Snowden R, Thompson P, Troscianko T. 2006 and 2012. Basic Vision: An Introduction to Visual Perception. Oxford: Oxford University Press.
Blurb (2nd ed.): Why do things look blurry underwater? Why do people drive too fast in fog? How do you high-pass filter a cup of tea? What have mixer taps to do with colour vision? Basic Vision: An Introduction to Visual Perception demystifies the processes through which we see the world. Written by three authors with over 80 years of research and undergraduate teaching experience between them, it leads the reader step-by-step through the intricacies of visual processing, with full-colour illustrations on nearly every page. The writing style captures the excitement of recent research in neuroscience that has transformed our understanding of visual processing, but delivers it with a humour that keeps the reader enthused, rather than bemused. The book takes us through the various elements that come together as our perception of the world around us: the perception of size, colour, motion, and three-dimensional space. It illustrates the intricacy of the visual system, discussing its development during infancy, and revealing how the brain can get it wrong, either as a result of brain damage, through which the network of processes become compromised, or through illusion, where the brain compensates for mixed messages by seeing what it thinks should be there, rather than conveying the reality. The book also demonstrates the importance of contemporary techniques and methodology, and neuroscience-based techniques in particular, in driving forward our understanding of the visual system.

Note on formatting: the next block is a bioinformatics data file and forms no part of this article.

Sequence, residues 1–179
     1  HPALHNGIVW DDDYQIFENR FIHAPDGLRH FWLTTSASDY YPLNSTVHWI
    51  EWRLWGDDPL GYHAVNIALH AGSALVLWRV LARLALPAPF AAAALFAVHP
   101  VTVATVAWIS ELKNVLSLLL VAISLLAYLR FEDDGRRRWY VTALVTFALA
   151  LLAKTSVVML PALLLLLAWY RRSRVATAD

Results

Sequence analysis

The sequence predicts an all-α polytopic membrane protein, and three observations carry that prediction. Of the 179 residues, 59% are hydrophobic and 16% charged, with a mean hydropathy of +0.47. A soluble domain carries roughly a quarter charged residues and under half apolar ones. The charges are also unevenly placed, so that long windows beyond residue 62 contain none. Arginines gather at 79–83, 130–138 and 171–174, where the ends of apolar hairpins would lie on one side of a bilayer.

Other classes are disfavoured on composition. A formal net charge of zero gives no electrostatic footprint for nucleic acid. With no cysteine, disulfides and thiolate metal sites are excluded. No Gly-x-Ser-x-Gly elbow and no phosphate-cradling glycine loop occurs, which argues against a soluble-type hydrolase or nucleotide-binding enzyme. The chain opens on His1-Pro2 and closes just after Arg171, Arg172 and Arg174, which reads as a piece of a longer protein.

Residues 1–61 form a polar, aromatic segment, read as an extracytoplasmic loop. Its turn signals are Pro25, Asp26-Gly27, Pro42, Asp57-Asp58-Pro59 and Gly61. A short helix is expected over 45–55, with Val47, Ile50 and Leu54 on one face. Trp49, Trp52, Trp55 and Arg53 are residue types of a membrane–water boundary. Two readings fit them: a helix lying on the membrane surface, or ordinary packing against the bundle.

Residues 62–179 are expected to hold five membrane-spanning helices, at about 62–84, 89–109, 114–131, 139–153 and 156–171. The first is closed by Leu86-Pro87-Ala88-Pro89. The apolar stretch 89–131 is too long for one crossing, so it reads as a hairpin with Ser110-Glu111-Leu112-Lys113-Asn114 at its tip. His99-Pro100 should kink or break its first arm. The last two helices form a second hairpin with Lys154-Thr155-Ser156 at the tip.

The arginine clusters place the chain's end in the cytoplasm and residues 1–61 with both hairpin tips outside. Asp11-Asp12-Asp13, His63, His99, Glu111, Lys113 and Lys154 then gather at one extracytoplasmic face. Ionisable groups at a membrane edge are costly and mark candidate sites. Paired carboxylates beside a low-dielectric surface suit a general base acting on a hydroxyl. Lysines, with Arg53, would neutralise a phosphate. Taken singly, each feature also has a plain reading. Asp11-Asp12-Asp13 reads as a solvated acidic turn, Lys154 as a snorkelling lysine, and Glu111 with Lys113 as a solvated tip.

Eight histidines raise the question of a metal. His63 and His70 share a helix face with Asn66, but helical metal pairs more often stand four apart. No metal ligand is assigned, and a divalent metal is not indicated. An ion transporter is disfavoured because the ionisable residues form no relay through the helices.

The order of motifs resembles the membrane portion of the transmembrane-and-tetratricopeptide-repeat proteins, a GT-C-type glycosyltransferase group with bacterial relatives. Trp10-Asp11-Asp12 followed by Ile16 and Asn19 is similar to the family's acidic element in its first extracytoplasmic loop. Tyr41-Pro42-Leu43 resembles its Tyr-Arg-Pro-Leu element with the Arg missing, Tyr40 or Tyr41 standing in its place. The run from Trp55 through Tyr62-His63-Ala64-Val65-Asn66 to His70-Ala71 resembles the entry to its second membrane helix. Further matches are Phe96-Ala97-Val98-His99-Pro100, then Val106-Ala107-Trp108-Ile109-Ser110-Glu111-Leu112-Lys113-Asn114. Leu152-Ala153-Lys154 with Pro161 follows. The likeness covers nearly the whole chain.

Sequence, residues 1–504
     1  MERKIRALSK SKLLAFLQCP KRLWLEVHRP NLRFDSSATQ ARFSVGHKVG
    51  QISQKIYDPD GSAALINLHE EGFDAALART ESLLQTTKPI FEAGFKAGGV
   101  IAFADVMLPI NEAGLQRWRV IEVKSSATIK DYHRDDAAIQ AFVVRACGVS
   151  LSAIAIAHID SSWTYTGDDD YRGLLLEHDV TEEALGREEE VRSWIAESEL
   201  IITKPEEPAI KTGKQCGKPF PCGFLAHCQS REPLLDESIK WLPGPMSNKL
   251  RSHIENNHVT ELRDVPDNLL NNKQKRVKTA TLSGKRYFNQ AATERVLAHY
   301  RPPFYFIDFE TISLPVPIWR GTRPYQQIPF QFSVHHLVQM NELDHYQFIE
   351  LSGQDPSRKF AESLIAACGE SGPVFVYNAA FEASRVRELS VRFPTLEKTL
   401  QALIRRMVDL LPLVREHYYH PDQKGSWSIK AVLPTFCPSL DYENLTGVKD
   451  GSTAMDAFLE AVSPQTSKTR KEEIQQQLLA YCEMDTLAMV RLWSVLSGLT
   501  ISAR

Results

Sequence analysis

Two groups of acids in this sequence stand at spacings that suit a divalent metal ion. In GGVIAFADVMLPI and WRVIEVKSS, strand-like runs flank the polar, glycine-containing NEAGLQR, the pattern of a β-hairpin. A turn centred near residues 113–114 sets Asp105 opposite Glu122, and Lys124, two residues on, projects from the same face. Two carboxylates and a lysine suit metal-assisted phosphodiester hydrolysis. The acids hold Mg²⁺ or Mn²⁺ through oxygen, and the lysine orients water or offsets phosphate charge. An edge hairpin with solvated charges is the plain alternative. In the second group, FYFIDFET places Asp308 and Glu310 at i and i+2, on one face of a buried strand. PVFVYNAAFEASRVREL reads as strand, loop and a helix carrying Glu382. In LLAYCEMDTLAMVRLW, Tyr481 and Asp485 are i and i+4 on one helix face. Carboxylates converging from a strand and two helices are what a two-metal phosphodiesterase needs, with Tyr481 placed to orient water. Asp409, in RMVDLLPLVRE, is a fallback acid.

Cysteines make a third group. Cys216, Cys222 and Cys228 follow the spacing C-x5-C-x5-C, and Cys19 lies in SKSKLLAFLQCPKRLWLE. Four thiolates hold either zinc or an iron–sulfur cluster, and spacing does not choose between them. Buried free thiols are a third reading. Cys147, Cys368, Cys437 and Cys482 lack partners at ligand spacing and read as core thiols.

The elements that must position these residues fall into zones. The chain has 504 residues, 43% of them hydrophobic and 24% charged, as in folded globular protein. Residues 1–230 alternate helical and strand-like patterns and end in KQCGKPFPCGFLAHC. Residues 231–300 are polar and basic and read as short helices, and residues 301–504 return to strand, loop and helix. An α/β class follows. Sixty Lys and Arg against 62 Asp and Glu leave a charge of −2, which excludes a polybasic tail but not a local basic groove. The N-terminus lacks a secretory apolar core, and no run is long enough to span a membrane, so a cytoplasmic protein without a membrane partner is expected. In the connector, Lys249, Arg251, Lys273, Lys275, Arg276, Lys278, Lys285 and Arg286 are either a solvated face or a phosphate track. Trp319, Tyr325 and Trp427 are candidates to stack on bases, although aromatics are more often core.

Blake A, Troscianko T (eds). 1990. AI and the Eye. New York: Wiley.
Blurb: These original contributions, concerning work on machine vision to the latest understanding of human visual processes, are written by 'rising stars' in both fields and offer an overview of the leading work on modeling of human visual processes, image processing and object recognition. Some prominent examples of how computer analysis of visual processes results in more precise models of the operations of various visual mechanisms are presented in a form that is easily understood by nonmathematicians. This will be essential reading for physiologists and psychologists studying vision and object recognition in humans and primates.
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